Understanding the Jargon: The Market

Understanding the Jargon: The Market

March 01, 2022
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It is very likely that you have heard people refer to “the market” and have probably even used the phrase yourself. However, does anyone actually know what they mean when they say, “the market”? We often say “the market is up!” or “the market just crashed!” but that doesn’t mean a whole lot if we can’t define the term. Undoubtedly, you have also heard about the various market indexes but what exactly are those and are they at all relevant to your personal finances? Let’s answer those questions starting with the two primary markets that you are most likely to have heard of or interacted with in regards to your investments.

                “The market generally refers to two key stock exchanges namely the New York Stock Exchange and the Nasdaq. The New York Stock Exchange or NYSE is the largest stock exchange in the world and was started in May of 1792. When you hear people talking about the market or Wall St., generally that is a stand in for the NYSE. The Nasdaq is the second largest stock exchange in the world and was the very first electronic exchange in 1971. It is also located in NYC and has become the exchange of choice for many technology and biotech companies. So, what exactly is a stock exchange? Well, the exchanges act as the primary marketplace for the buying and selling of stocks, bonds, ETFs and other financial products. When a company wants to issue stock in an initial public offering or IPO the exchanges are where they go to do that. Likewise, if an investor wishes to purchase an initial offering of stock from a company, the exchanges would be the medium for them to make that purchase. The average investor purchases investments from other individuals or businesses but the exchanges are where all the action begins.

                Now that we have defined what the exchanges are and what their role is in the investment world, the question is how does that help us understand “the market?” When you hear people saying things like “what did the market do today” or “how has the market performed this year” what on earth are they talking about? Well, the ever changing values of the companies listed on the exchange, are tracked and monitored by what are called market indexes. In general, the market indexes display the current prices of the stocks or bonds that they track in real time. Different indexes track different stocks but the three most followed indexes are the Standard and Poor’s 500 (S&P 500), Dow Jones Industrial Average (DJIA), and the Nasdaq Composite (which essentially just tracks the price movement of the Nasdaq exchange as a whole). Whether or not an index is relevant to your investment portfolio depends entirely on what you are invested in. For example, the S&P 500 would be a good gauge of your investment performance if you held mainly large company stocks whereas the Nasdaq Composite might be a better option if you had a significant percentage of your holdings in biotechnology companies.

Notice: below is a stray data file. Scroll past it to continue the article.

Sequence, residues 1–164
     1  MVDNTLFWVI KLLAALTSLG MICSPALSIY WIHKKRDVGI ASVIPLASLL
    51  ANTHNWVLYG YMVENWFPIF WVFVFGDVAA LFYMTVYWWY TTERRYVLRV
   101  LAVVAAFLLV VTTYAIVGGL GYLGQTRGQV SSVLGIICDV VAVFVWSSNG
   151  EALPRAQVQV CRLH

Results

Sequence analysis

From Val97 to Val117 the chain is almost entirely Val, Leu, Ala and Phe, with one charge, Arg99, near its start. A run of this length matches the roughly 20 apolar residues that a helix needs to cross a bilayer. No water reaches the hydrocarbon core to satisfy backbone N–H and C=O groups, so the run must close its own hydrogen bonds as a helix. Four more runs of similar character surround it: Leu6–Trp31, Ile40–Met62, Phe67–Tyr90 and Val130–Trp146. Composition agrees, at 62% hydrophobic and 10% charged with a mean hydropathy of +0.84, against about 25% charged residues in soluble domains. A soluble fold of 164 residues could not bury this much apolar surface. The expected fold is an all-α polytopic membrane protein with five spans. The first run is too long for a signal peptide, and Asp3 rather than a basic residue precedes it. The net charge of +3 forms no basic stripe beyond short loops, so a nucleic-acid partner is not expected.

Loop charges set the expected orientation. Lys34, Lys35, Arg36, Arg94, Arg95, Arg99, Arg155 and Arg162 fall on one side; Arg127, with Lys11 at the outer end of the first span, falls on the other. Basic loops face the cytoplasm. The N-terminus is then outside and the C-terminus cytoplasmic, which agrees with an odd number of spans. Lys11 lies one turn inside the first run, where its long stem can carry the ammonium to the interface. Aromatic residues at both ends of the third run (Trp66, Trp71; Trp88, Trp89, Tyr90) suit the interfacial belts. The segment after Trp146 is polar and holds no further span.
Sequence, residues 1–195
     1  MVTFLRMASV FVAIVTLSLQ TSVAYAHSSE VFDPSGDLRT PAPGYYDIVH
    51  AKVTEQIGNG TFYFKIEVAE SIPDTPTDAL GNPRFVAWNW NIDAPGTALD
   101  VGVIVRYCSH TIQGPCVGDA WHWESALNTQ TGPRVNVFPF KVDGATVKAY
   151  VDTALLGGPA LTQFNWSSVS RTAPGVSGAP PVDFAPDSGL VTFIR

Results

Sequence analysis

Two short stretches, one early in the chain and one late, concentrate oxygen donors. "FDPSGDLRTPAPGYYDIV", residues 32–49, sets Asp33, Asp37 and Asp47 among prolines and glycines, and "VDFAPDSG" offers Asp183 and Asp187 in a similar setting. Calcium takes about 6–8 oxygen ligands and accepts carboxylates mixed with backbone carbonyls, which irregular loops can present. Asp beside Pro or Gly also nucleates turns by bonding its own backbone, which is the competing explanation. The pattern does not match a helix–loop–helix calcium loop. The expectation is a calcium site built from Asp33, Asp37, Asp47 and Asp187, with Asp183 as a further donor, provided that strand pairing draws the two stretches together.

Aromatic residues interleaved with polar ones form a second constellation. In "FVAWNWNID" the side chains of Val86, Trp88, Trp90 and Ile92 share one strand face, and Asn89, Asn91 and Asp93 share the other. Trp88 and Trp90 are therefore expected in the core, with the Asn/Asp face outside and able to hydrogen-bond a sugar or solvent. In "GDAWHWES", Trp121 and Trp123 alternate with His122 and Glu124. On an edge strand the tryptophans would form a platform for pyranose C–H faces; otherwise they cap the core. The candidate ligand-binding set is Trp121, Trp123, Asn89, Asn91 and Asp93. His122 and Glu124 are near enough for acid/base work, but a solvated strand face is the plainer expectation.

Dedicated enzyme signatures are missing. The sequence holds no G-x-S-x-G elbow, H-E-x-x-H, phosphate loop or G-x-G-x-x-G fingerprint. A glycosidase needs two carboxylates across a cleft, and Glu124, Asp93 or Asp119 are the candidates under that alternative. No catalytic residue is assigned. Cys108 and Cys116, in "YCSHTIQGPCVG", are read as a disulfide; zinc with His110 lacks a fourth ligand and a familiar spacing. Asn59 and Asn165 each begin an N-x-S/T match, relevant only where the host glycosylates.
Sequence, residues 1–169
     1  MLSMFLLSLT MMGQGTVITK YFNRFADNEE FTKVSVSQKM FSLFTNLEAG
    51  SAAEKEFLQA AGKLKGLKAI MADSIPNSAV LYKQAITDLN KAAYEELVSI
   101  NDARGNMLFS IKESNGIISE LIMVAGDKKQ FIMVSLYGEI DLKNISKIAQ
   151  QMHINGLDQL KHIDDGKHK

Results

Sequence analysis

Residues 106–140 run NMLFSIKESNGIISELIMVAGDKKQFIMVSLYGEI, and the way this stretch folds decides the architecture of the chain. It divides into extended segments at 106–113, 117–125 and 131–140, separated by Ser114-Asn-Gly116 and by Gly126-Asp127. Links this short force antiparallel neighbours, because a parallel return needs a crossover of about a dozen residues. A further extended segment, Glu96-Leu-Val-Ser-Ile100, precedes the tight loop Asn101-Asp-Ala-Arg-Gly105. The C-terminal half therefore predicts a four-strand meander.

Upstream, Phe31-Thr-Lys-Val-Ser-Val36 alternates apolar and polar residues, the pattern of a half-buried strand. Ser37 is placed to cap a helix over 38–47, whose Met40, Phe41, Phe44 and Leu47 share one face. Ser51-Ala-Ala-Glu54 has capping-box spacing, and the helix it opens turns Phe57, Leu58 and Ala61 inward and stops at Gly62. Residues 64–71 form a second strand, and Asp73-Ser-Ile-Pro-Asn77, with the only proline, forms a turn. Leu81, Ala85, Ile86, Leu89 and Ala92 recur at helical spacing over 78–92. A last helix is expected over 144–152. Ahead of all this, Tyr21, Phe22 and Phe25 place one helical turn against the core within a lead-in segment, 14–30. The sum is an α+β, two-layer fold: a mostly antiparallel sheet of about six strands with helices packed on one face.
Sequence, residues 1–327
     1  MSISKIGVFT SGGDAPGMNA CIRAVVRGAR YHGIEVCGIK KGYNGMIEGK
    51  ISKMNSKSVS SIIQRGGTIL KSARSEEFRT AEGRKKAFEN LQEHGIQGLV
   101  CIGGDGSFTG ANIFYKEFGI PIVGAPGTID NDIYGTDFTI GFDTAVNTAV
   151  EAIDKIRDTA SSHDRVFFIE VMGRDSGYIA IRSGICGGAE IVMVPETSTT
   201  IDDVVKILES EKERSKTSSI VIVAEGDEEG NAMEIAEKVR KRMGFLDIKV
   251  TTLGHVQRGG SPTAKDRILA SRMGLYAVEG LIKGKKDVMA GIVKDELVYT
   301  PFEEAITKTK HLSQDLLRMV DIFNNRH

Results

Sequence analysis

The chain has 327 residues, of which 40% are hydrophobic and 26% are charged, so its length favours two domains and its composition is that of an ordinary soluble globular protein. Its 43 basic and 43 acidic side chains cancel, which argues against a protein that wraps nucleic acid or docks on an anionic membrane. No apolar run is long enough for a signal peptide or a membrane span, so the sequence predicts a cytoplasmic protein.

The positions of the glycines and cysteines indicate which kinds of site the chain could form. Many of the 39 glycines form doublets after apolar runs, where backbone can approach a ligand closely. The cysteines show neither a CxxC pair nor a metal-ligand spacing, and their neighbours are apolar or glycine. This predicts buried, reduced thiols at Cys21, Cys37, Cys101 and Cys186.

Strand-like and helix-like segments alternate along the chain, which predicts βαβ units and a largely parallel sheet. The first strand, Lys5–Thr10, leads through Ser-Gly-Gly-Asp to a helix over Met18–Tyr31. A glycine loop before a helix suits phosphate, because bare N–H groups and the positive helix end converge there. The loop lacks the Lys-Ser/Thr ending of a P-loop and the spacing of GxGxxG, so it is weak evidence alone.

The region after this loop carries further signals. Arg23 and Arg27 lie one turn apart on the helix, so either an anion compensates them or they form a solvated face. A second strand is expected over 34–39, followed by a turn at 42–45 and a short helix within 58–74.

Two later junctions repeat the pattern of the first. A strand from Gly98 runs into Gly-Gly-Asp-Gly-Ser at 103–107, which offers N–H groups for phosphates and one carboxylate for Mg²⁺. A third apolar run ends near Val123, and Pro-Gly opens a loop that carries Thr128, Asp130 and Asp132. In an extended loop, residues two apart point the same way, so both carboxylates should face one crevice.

This leads us to our most important point of the blog post! While these indexes can give you a general sense of where the economy is heading or how your investments are doing, you should really rely on your own plan and investment strategy for decision making. Understanding what the market is and how it works is great and worthwhile knowledge. However, what you do with that knowledge is far more important. Remember not to let yourself succumb to fear when your account value is dropping or be seduced by the allure of greater returns when the market is rising. At this point I am probably beginning to sound like a broker record. However, I say again, STICK. TO. YOUR. PLAN!

 

All investing involves risk including loss of principal. No strategy assures success or protects against loss. There is no guarantee that a diversified portfolio will enhance overall returns or outperform a non-diversified portfolio. Diversification does not protect against market risk. The opinions voiced in this material are for general information only and are not intended to provide specific advice or recommendations for any individual. All performance referenced is historical and is no guarantee of future results. All indices are unmanaged and may not be invested into directly.